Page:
UW-Madison Study Abroad partnered with The Council on International Education and Exchange to give away 225 free passports Wednesday in an attempt to promote study abroad programs to a more diverse student body.
Many students feel there is a financial barrier to studying abroad, leading to an extreme lack of diversity in a majority of exchange programs— over 70 percent of American students who study abroad being caucasian, according to NAFSA.
“What we did is we partnered with the DDEEA [Division of Diversity, Equity & Educational Achievement] and reached out to their students and invited them to come to this passport caravan event where CIEE was willing to offer payment for students to get their first-ever passport,” said Sara Lieburn, enrollment advisor in the UW-Madison study abroad office.
For many students, two major barriers keeping them from pursuing educational opportunities abroad are the financial aspects and miseducation about the programs.
“Personally, the financial aspect is a barrier for me. I was so happy, I was planning on getting my own passport this semester but its really expensive so I was kind of waiting, so the perfect opportunity just came along,” said Erika Carrasco, who is a UW freshman.
By subsidizing the fee of a passport, many students are exposed to the idea of studying abroad when they may have written it off.
“I think there is a myth out there that study abroad is something for wealthy people to do, but study abroad can be at or even less expensive than a semester of school on campus,” said Lieburn.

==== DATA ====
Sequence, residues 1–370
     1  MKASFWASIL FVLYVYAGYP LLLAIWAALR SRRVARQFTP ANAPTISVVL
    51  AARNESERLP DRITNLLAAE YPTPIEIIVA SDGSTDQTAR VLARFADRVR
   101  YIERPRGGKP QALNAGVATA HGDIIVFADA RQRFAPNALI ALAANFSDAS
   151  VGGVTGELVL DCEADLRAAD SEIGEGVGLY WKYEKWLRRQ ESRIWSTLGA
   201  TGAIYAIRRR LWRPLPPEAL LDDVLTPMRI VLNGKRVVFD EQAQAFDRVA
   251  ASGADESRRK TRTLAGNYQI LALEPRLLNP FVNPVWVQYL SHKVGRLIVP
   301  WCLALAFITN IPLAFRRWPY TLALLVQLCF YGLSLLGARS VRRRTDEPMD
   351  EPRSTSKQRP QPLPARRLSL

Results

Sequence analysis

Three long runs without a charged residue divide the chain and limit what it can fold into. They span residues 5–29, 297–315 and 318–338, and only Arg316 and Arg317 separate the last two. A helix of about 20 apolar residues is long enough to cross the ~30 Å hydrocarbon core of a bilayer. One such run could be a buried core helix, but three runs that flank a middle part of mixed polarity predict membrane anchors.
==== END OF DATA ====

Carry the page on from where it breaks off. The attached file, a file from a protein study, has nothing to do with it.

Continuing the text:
CIEE believes that the three major challenges that keep students from studying abroad are cost, curriculum and culture. In an effort to break down these barriers, CIEE is offering to subsidize the cost of 10,000 student passports on campuses across the country.
“The goal is to introduce study abroad to as many students as possible because it is something that is open to every student although every student who's coming in might not be aware of study abroad as something that's an option for them or have a preconceived notion that study abroad is unaffordable,” said Lieburn.
Lieburn has been working with different organizations on campus to make studying abroad accessible to as many students as possible — her crowning achievement being the Passport Caravan. She hopes the program’s success will be the beginning of what is a campus-wide push to expand diversity in all study abroad programs.
“We want every student to know if there's a will there's a way and we want to be there to support them if they are pursuing study abroad,” said Lieburn.